How to Have a Child-Centered Divorce
A child-centered divorce allows them (and you) to heal, recover, and move on.
Posted January 18, 2022 | Reviewed by Michelle Quirk
- Even the most well-intentioned parents can miss the importance of protecting their children from the stress, pain, and damage of divorce.
- Staying out of court increases your ability to protect your children from conflict.
- Ask yourself what story you’d like your children to tell themselves about the divorce and their parents.
January is often called “Divorce Month” due to the spike in divorce filings after the holidays. It is also International Child-Centered Divorce Awareness Month.
Your Greatest Asset
Because of the increase of divorce filings, it is fitting to remind divorcing spouses of their family’s most valuable assets. Since parents often get caught up in conflict around financial assets, my reminder is that your children are your greatest and most important asset.
Divorcing parents are understandably overwhelmed with emotions, most often anxiety and fear of the future. This emotional hijack can cause parents to focus on their own needs, rather than the needs of the children. Even the most devoted and well-intentioned parents can miss the importance of protecting their children from the stress, pain, and damage of divorce.
Fortunately, parents often agree on one thing: they love their children. They want what is best for them, even if they disagree about what that is. The starting point in your divorce should be where you agree—your love for your children. A child-centered divorce will do what you both want for your kids: It will reassure them that things will (eventually) be all right and that the family will still be one family under two roofs, and it will protect them from the worst damage of divorce.
Four Steps to a Child-Centered Divorce
1. Stay out of court. This is the single most important step you can take, right from the start of your divorce. Commit with your spouse to stay out of court. The damage of the court-focused process sets up a win–lose framework. One of you will be the “winner” and the other a “loser.” The “loser” will go back to court, again and again, to try to get a “win.” The revolving door of the court will eat up your financial assets and may cause long-term damage to your children, their recovery, future relationships, success in school, and mental health. And it isn’t good for you either. Staying out of court increases your ability to protect your children from conflict, and research shows that parental conflict is the most damaging aspect of divorce.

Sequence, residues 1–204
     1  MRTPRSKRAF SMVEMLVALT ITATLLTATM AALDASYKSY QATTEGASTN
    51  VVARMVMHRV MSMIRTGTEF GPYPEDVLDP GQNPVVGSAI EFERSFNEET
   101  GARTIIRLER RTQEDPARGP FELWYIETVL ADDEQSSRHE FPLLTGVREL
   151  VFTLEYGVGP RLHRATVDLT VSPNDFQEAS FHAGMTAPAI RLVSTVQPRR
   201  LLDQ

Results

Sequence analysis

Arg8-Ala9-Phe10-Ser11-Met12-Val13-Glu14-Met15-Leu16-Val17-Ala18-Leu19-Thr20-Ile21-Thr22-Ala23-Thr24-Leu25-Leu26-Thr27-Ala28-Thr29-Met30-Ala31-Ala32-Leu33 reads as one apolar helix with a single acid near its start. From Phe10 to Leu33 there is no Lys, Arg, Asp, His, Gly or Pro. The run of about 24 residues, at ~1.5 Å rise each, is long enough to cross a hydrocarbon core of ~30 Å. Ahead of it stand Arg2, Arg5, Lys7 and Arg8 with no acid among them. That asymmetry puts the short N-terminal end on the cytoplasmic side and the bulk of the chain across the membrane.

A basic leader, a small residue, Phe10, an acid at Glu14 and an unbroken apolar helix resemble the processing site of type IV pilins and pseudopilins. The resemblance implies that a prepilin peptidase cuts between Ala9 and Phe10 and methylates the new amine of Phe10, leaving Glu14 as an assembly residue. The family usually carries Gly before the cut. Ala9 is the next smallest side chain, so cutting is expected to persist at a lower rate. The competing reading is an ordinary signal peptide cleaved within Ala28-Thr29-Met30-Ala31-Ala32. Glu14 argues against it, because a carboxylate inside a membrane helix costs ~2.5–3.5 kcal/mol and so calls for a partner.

Choose a process that gives you more control over decisions and offers confidentiality (which the court does not offer). Choose a process such as mediation or collaborative divorce.
2. Focus on recovery, not on revenge or justice. Look ahead to the future and envision how you’d like your life, and your children’s lives, to look in two years, or five years. Ask yourself what story you’d like your children to tell themselves about the divorce and their parents. Would you like them to say that you carried the burden of the divorce so they didn’t have to? That they felt safe and loved with both parents? Then notice that you are building that story today, right now. Let that vision guide you now in your decisions and behavior, the way you talk to your kids, or how you talk about your ex.
Discussing the process of and/or the reasons for the divorce with the children, settlement proposals, or disagreements about custody or finances—this is all harmful to children. Let your children focus on being kids. If you need support turn to another adult, a friend, or a therapist.
3. Focus on your relationship with your children. Listen to them for a deeper understanding of what their reality feels like to them. Avoid the traps that often show up in divorce. Your kids may look good on the outside but aren’t always as resilient as parents think they are. Kids might work hard to reassure their parents that they are OK, especially if they see you as vulnerable or in need of support, even if they aren’t OK. Other kids might act out with poor behavior or regress to a more needy state. Your job is to understand what is driving their behavior so that you can help your child adjust and adapt to the new family constellation. In the middle of the divorce, it can be helpful to cut them some slack so that you can strengthen or repair your relationship with them.
4. Don’t rush through the divorce, but don’t drag it out either. Because the divorce process can be so emotionally upsetting and destabilizing, recovery begins when the divorce is over. During the divorce, make time for self-care and make time to spend with your children. You will have to do a lot of “chores” to unwind a marriage, separating finances and property, and when you get these chores done, you can finish your divorce and move on with life.
A child-centered divorce will allow them and you to heal from the trauma of the changes in the family. Recovery will take a year or two after the divorce is over, and a child-centered divorce will make your and your children’s recovery easier.
© Ann Gold Buscho, Ph.D. 2022